Estonian Traditional Curd filled Buns. Mulgi korbid

Mulgi korbid

Mulgimaa is perfect example about the globalisation already in 19th of century. During the American Civil War from 1861 to 1865 was lack of cotton and price was very high.
So, was demand for alternatives. South Estonia, Mulgimaa has perfect conditions for cultivation of linen. Bondage was in Estonia abolished 1816, but still farmers were very poor and land was owned by landlords. But because of America and demand for linen, farmers gets enough money to buy from landlords land and farms. And this area become rich and successful. This made others little bit jealous and they started to call people and this area Mulgimaa 🙂
In Latvia means word- Mulk- ” silly” and in Estonia it means “hole”- in meaning that the all richness went in to the one hole…:)

I have been already wrote about Mulgimaa. Estonian hidden treats.

Mulgi- Mulgimaa is area  in South-Estonia, with own culture, traditions, food and dialect. korbid (plural “korbid”, singular “korp”)- curd or semolina filled buns are one of its famous signature dish. Mulgi Korbid filling and buns itself are not very sweet. But you can make sweet filling and add more sugar in dough, as well.

Traditionally Mulgi Korbid has  curd or semolina filling, but you can use potato filling, as well. This is perfect dish to made, when you made too much potato mash or bubert, and you have some leftovers.

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Estonian Traditional Curd filled Buns. Mulgi Korbid.

Estonian Traditional Curd filled Buns

  • Servings: 15-16 buns
  • Time: 2hr 30mins
  • Difficulty: easy
  • Print

Mulgi korbid

Ingredients

  • 0, 5 litre milk
  • 35 g yeast
  • 2 tablespoon sugar
  • 100 g butter
  • 1 teaspoon salt,
  • 8 dl flour
  • Semolina filling or use Bubert recipe

  • 0, 6 litre milk
  • 0,5 glass of semolina
  • 2 tablespoon butter
  • 1 egg
  • salt, sugar
  • Boil a thick porridge from milk and semolina. Add butter, season with salt and sugar. Let cool down and add beaten egg.

    Curd/quark filling  look for home made quark recipe

  • 600 g quark
  • 2 tablespoon sour cream
  • 2 tablespoon melted butter
  • salt, sugar and cumin
  • If mix is too fluid, add some semolina or flour

    Potato filling 

  • 700 g boiled and mashed potatoes
  • 2  beaten eggs
  • 2 tablespoon melted butter
  • salt and cumin
  • If mix is too fluid, add some semolina or flour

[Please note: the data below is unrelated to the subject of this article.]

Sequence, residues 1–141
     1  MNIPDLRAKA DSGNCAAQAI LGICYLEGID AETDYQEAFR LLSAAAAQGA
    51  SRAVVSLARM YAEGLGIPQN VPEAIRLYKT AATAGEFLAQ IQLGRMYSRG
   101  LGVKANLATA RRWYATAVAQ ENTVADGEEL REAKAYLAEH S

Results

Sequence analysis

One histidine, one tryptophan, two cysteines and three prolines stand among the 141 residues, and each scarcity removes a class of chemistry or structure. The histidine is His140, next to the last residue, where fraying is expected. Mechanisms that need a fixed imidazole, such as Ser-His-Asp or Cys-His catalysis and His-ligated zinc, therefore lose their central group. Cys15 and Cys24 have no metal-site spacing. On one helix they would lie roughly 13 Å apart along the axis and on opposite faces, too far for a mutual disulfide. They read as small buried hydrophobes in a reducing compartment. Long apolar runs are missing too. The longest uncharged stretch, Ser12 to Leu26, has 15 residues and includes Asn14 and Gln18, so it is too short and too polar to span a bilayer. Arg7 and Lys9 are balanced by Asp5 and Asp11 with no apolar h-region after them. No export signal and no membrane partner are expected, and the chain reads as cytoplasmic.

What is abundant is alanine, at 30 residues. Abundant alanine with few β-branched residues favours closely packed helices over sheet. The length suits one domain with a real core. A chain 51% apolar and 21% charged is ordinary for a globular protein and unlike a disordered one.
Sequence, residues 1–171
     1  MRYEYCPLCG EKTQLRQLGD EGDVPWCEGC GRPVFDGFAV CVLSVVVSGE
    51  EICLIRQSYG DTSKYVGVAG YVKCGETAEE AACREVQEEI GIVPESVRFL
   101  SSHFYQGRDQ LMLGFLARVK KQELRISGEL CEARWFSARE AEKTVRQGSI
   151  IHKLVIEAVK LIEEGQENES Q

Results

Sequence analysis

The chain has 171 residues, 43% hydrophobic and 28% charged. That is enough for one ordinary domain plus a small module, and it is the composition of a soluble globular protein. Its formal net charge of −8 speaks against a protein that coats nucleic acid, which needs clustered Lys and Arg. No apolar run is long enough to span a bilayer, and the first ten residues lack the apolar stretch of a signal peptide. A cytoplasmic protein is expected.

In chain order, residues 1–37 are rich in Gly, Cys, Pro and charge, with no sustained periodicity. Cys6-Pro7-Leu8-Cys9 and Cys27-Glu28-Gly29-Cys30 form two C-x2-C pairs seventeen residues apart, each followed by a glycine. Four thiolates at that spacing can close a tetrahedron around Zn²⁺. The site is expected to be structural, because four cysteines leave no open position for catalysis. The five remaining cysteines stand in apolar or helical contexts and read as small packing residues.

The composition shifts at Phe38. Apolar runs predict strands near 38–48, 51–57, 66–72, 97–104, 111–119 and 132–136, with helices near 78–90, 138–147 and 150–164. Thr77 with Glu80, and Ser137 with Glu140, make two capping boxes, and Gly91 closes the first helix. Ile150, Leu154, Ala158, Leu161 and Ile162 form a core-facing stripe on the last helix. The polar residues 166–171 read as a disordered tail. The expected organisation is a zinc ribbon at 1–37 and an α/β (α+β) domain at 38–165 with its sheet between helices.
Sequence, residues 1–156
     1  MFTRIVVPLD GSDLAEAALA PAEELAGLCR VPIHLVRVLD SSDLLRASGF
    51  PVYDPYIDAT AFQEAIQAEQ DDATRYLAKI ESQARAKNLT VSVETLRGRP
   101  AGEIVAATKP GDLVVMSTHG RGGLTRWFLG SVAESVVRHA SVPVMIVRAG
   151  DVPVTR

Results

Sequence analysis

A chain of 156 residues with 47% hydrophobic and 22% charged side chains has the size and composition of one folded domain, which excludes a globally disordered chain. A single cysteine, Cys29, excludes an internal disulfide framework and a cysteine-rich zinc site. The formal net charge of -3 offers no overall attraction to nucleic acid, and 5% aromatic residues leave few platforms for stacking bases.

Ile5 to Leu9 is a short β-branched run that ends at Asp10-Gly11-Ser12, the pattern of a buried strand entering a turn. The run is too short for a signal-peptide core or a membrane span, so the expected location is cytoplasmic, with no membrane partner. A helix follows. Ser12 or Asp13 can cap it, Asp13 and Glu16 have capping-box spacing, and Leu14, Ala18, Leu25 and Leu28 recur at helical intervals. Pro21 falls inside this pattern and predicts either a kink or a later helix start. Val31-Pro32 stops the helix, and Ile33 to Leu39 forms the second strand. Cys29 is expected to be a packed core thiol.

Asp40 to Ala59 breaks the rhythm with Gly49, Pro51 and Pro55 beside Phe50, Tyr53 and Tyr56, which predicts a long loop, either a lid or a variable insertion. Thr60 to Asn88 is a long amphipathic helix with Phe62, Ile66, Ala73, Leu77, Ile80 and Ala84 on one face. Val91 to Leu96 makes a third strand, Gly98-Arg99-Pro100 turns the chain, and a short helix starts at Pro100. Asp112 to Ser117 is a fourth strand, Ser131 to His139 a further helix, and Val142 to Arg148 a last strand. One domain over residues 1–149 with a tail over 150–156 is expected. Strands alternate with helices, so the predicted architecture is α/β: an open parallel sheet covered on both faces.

• 1 egg for coating buns

Directions

  1. All materials must be in room temperature
  2. Dissolve yeast and sugar with lukewarm (37C) milk
  3. Add  flour, mixed with salt
  4. add melted butter
  5. Knead the dough properly, until it separates from the bowl. If necessary, add more flour.
  6. Sprinkle with a little flour , cover the bowl with a towel and place in a warm place to rise for ca 1 hour until dough is doubled in size. During rising, press dough at least one time, back.
  7. Form the dough into rounds buns and place on the greased /baking paper covered oven plate to rise ca 20 minutes.
  8. Prepare filling
  9. Press depression with glass-bottom in to the bun , and fill it with filling
  10. Coat buns with beaten egg before putting into the oven. Bake at 200C 15 minutes .
  11. NB! If you use potato filling. traditionally baked this buns on to cabbage leave. Put on to the oven plate cabbage leaves and on to the leave potato filled buns and bake.

    Head isu!

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Mulgi korbid

Soundtrack Mari Holm “Mari oli maias”

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20 thoughts on “Estonian Traditional Curd filled Buns. Mulgi korbid

  1. Yana says:

    As you probably know, there are very similar buns in Latvia, but they are always filled with curd/cottage cheese. I never heard about semolina filling though, I’m so intrigued, I can not wait to try making them 🙂
    Thank you for the recipe and story! 🙂

    Like

    • KR says:

      yep, I know:) Mulgimaa is in South Estonia, where neighbours are Latvia and Russia.
      And to be completely honest in this area was originally Livonia. So, yes, all South Estonia cuisine is fusion of all this. (+ Baltic Germans) with local twist 🙂

      but I am happy, I at least little bit surprised you 🙂

      Btw. Maybe you heard about Moskva buns? These are from yeast-leafpastry with semolina filling,
      So, nothing new in this world:)

      Liked by 1 person

    • KR says:

      Thank you and I am fan of your blog as well:)
      Thank you for nomination, but I allready did this challenge, so I will skip this time 😉 🙂

      Like

  2. heather (delicious not gorgeous) says:

    i’m used to using red and lima beans, as well as orange and purple sweet potatoes as filling, but never plain potatoes. my brain also keeps wanting to think of these as sweet buns, even though i know they’re not! these are so different than what i’m used to, and i’m really curious about them. onto my recipes to try list these go!

    Liked by 1 person

    • KR says:

      Btw, beans are very comon in Estonian cusine and this is very interesting and strange, that not used beans.. (ok, maybe I just do not know). Anyway, if you are going to try, let me know, I would be happy to reblogg this experience 🙂

      Like

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